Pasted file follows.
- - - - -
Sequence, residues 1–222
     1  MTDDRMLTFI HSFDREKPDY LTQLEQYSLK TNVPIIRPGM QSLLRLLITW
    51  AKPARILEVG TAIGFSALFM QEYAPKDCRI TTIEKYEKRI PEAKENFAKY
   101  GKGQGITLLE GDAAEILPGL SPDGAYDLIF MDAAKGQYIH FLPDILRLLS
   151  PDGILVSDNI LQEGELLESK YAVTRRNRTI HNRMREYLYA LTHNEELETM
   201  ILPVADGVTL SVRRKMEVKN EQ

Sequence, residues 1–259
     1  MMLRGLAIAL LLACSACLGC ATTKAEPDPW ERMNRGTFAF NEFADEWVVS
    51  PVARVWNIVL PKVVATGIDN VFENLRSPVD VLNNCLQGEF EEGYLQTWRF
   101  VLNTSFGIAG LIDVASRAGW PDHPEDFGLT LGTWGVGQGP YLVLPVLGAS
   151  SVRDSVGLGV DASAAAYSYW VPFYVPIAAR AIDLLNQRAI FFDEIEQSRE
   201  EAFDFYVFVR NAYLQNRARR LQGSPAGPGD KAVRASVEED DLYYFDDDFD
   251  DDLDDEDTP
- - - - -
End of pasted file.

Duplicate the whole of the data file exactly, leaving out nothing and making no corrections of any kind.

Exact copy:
Sequence, residues 1–222
     1  MTDDRMLTFI HSFDREKPDY LTQLEQYSLK TNVPIIRPGM QSLLRLLITW
    51  AKPARILEVG TAIGFSALFM QEYAPKDCRI TTIEKYEKRI PEAKENFAKY
   101  GKGQGITLLE GDAAEILPGL SPDGAYDLIF MDAAKGQYIH FLPDILRLLS
   151  PDGILVSDNI LQEGELLESK YAVTRRNRTI HNRMREYLYA LTHNEELETM
   201  ILPVADGVTL SVRRKMEVKN EQ

Sequence, residues 1–259
     1  MMLRGLAIAL LLACSACLGC ATTKAEPDPW ERMNRGTFAF NEFADEWVVS
    51  PVARVWNIVL PKVVATGIDN VFENLRSPVD VLNNCLQGEF EEGYLQTWRF
   101  VLNTSFGIAG LIDVASRAGW PDHPEDFGLT LGTWGVGQGP YLVLPVLGAS
   151  SVRDSVGLGV DASAAAYSYW VPFYVPIAAR AIDLLNQRAI FFDEIEQSRE
   201  EAFDFYVFVR NAYLQNRARR LQGSPAGPGD KAVRASVEED DLYYFDDDFD
   251  DDLDDEDTP